As stated before, esports is linked with a cultural phenomenon and especially with a digital cultural phenomenon. Wagner said back in 2006 that it is youth culture, so it is assumable, that esports is no longer solely a youth phenomenon. Therefore, the esports culture had time to find its place in society and create structures, rituals, and tools to foster communities. The way communities are built varies vastly from the way traditional sports create communities. The physical aspect is not necessarily needed, and that makes esports a prime example for the way are built in the digitized world. Where is the benefit of playing at one location in a traditional sports club when people can play with people all around the world? Especially as in the digitized and globalized world, people always move. In esports, it is possible to play with an old school friend even though this person may live in a different country.
Furthermore, some people may prefer these digital communities over the physical club environment. They are not less social, but they have a different understanding of social. As these new communities, teams, clans, or guilds are in the digital/virtual world, they are not captured by traditional ways of measuring it. They are virtually invisible with the existing tools. Many people in esports do volunteer work in a variety of grassroots project and even the management of a team, the media coverage often neglects clan or guild. Esports is a digital phenomenon and, consequently, most of the community interaction happens on-line. The way communities are built different and, therefore, understanding esports may contribute to understanding digital communities.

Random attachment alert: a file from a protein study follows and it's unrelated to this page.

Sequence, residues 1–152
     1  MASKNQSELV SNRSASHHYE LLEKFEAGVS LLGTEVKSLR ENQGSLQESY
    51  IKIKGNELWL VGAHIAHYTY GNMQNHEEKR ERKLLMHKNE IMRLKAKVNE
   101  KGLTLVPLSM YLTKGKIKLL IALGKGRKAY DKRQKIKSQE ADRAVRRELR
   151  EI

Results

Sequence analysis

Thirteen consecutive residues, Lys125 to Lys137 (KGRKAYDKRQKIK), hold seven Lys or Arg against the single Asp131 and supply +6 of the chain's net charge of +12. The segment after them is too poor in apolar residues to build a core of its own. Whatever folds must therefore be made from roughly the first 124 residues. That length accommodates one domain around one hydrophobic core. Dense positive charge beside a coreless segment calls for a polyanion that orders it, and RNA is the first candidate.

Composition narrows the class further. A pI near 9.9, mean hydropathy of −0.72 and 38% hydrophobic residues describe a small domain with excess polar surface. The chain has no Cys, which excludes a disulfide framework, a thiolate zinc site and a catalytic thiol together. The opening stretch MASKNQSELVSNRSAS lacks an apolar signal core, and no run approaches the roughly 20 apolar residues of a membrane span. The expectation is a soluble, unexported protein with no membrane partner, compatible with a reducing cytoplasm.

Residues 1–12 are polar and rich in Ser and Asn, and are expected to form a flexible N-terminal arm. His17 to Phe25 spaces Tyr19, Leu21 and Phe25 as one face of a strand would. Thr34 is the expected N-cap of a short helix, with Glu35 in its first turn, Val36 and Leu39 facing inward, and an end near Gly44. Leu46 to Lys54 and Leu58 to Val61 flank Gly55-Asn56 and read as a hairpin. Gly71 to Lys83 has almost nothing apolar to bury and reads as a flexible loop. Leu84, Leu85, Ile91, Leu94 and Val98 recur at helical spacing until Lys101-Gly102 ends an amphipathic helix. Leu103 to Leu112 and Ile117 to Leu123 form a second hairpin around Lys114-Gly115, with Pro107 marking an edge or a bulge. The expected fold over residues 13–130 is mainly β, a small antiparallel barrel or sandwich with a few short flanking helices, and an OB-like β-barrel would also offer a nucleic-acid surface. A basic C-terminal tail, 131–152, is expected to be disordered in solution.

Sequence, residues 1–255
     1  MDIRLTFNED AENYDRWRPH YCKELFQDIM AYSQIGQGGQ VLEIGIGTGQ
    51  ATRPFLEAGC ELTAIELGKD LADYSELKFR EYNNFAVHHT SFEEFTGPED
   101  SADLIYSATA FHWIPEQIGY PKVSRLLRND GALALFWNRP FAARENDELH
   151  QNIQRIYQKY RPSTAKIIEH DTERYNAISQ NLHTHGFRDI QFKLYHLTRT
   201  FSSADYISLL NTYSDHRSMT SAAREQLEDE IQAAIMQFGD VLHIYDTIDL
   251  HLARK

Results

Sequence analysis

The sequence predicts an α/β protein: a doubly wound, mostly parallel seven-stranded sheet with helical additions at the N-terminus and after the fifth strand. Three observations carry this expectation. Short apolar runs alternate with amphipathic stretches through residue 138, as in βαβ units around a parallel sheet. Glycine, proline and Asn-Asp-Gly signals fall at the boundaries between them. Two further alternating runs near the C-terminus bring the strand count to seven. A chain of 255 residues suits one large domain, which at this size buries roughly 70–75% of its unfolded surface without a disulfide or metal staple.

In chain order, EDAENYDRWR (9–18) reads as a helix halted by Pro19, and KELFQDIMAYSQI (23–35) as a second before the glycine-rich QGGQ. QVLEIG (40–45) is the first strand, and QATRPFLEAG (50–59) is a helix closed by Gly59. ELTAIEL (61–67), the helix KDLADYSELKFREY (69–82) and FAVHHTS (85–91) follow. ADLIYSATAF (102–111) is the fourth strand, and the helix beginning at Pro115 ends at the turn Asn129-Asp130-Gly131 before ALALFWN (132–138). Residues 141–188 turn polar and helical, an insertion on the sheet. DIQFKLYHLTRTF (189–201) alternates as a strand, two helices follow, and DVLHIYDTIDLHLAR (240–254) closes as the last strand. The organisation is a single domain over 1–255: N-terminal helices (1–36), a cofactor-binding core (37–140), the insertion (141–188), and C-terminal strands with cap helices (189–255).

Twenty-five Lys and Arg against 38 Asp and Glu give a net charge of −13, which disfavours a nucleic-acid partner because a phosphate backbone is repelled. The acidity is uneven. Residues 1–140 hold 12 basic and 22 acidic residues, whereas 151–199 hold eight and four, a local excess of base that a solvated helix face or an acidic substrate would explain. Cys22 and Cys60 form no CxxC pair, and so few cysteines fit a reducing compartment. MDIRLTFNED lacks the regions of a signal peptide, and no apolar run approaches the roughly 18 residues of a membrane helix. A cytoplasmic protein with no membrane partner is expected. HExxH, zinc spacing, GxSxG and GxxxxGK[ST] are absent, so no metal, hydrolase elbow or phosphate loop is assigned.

Many esports players are nowadays also entertainer as well as the esports tournaments are designed to be entertaining. This development exploded only recently due to the popularity of Battle Royale games like Fortnite. These games and most importantly, the players are focusing on the entertainment aspect of their work (Friedman 2019). Examples like Tyler “Ninja” Blevins show the potential of an entertainer, despite not being the best Fortnite player, his exclusive partnership with the streaming platform Mixer immediately brought massive attention to this platform (Miceli 2019). But not only that, many players and esports organization test around new ways of entertaining their audience, be it through memes, drops or utilizing augmented reality in an opening ceremony like at the League of Legends 2018 World Finals having elements of augmented reality in it (Takahashi 2018). Esports is continuously pushing the limits of entertainment and, thereby, creating a novel category, the esports entertainer.